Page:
Material highlights at Dutch Design Week 2019

Tomorrow, Dutch Design Week 2019 kicks off. The largest design event in Northern Europe is once again a feast for creative professionals seeking material inspiration for their projects. Below, we listed some material highlights.

This unique modular housing concept is made from cardboard. The cardboard is wrapped around a house-shape mould, creating a robust and lightweight sandwich structure. Read more about this project here.

Unseam is a collaboration between designers Bas Froon and Karin Vlug that develops new technologies for local, digital and on-demand manufacturing of textile products. The studio developed technology to create seamless three dimensional shapes into textile by digitally programming shrinkage based on special material properties. In addition, they developed 3D shaped jellyfish leather together with C. van Alem.

Precious Plastic
Precious Plastic is an open-source community that designs new solutions ti tackle plastic waste. At DDW, they will launch version 4, while also showcasing the work of over 100 designers, engineers, developers, activists and chefs from all over the world. Read more about this project here.

Designer Steven Akoun is exploring glass foam, usually hidden inside buildings as wall insulation, in everyday object. Akoun works with local partners and makes the material using recycled materials like glass bottles and egg shells.

Red Mud
Refining aluminium for industrial use creates a by-product called bauxite residue, also known as red mud. This toxic substance is usually left in pits, where it can leak into the environment. A team of graduates from the Royal College of Art developed a method to turn this by-product into ceramics. Read more about this project here.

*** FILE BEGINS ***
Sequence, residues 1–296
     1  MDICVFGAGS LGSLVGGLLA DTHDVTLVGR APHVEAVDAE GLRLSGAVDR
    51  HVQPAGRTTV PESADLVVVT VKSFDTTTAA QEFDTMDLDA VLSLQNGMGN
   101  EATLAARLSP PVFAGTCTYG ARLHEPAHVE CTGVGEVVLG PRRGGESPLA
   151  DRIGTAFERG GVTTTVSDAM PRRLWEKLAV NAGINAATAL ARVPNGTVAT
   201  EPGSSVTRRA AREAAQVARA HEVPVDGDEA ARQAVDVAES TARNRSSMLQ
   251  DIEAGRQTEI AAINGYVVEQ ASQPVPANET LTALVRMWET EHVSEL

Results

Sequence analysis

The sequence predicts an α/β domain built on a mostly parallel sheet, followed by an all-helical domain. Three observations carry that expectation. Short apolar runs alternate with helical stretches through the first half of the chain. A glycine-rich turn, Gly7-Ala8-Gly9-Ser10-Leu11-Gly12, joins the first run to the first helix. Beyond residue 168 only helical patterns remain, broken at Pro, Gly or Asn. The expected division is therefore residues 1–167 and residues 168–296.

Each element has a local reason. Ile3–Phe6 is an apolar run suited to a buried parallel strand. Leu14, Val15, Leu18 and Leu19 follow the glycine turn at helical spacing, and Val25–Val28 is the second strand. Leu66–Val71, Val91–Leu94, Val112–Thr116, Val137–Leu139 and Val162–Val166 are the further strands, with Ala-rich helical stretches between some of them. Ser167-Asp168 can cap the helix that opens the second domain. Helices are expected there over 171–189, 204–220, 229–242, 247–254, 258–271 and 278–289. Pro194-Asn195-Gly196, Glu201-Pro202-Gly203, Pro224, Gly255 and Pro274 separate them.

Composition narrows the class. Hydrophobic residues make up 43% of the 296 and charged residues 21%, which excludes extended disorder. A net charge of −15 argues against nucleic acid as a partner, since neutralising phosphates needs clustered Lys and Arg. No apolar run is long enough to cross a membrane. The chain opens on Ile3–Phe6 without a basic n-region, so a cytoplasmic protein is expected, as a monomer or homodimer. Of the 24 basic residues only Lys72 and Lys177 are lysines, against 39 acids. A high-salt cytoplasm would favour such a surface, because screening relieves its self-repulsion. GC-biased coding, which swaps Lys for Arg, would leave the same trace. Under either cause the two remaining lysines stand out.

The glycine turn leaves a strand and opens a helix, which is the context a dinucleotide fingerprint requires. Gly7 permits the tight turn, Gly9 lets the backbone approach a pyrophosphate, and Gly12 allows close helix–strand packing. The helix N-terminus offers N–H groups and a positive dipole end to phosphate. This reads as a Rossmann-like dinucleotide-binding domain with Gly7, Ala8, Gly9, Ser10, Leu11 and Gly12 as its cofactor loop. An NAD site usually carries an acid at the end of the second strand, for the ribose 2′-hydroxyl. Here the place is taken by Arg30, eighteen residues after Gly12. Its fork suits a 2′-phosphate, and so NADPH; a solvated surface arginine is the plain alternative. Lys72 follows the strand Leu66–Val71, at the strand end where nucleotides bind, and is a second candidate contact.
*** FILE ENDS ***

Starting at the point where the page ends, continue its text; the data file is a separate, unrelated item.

In addition, the team is researching slags, a by-product of copper and steel industries, as cement alternatives. Known as geopolymers, these cements can outperform Portland cement at a fraction of the carbon footprint.

Speaking of sustainable concrete, Beton-Lab also uses a geopolymer concrete, without cement, made from locally sourced materials. They developed a wall tile for interior and exterior design using this material.

Claything developed textile-like structures made of clay, combining traditional ceramic techniques with digital manufacturing methods. Read more about this project here.

Casein is bioplastic that can be made from milk. Designer Eunji Jun’s project “From peels to casein” uses industrial dairy surplus to make this material, dyed with plant-based food waste.

Sea Stone
London-based designer duo Newtab-22 created a concrete-like material made from non-toxic natural materials sourced from the seafood industry. Every year, 7 million tons of seashells are discarded, and most of them go to the landfill. Sea Stone is made from these seashells.

Mycelium pavilion
Mycelium are tiny fungal threads that produce mushrooms and can grow on food waste. When made inactive, the material remains a compact network of Styrofoam-like properties. In the construction industry, mycelium is still relatively unknown, which Atelier Tom Veeger would like to change. Combing mycelium with vacuuming techniques, the material becomes even stronger. To show its potential, a mycelium pavilion will be erected.

Photos via DDW